views updated


EYNIKEYT ("Unity"), official organ of the Jewish *Anti-Fascist Committee in the Soviet Union. Eynikeyt began to appear in Kuibyshev in June 1942 once every ten days under the editorship of Shakhne Epstein. The editorial board consisted of: D. *Bergelson, Y. *Dobrushin, S. *Halkin, S. *Mikhoels, L. Strongin, I. *Fefer, L. *Kvitko, and A. *Kushnirov. After Epstein died, G. Shitz was named chief editor. In July 1943 Eynikeyt moved to Moscow and became a weekly magazine. By February 1945 it began to come out three times a week, but publication was stopped on Nov. 20, 1948, with the liquidation of all Jewish cultural institutions in the U.S.S.R. Altogether, about 700 issues of Eynikeyt were published, and its contributors included all the Yiddish writers of the Soviet Union. Some of their contributions were first published there, like Fefer's famous poem "Ich bin a Yid" ("I Am a Jew"). The newspaper was devoted entirely to the war effort, carrying stories on the atrocities perpetrated against Jews in the countries occupied by the Germans and emphasizing the contribution and the bravery of Jews in the war against the Nazis. There was a column called "Jewish Life Abroad," with reports on Jewish events outside the U.S.S.R., Jews in the anti-Nazi underground, and also events in the yishuv of Palestine. The paper reported the visit of Mikhoels and Fefer to the U.S., Canada, Mexico, and Great Britain, and also the visit of the Americans Goldberg and Novik. These visits later served the kgb in drawing up its accusations of espionage for the West in the case of the Jewish Anti-Fascist Committee. After the war Eynikeyt continued to appear under the guidance and supervision of the Soviet authorities. This control was especially noticeable in the paper's editorial policy toward the struggle of the yishuv in Palestine. In the first half of 1948, in conformity with official Soviet policy, the paper supported Israel's *War of Independence and the establishment of the State of Israel. But from September 1948 until its dissolution, it published attacks on Zionism. The employees of Eynikeyt shared the fate of other Jewish cultural activists.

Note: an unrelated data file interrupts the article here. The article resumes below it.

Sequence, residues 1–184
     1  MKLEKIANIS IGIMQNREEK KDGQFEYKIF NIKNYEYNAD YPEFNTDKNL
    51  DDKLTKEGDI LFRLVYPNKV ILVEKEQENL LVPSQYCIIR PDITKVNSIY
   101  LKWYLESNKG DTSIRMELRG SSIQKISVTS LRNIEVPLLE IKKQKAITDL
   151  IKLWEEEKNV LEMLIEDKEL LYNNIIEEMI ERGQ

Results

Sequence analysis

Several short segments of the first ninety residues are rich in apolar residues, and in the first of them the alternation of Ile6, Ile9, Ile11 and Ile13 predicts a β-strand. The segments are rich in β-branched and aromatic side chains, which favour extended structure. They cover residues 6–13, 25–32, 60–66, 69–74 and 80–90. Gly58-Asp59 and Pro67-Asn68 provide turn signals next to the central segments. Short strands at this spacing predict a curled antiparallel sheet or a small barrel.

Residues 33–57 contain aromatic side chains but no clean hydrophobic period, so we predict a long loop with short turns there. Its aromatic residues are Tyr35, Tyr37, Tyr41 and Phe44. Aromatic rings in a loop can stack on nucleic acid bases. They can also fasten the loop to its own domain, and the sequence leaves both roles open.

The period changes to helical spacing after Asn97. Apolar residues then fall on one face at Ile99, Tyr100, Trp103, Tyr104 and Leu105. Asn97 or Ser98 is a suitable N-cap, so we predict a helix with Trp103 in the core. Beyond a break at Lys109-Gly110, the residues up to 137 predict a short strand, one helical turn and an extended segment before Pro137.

Ben-Yosef, in: Yad Vashem Studies, 4 (1960), 135–61; Litvak, in: Gesher (1966), 218–32.

[Yehuda Slutsky /

Shmuel Spector (2nd ed.)]

About this article


Updated About encyclopedia.com content Print Article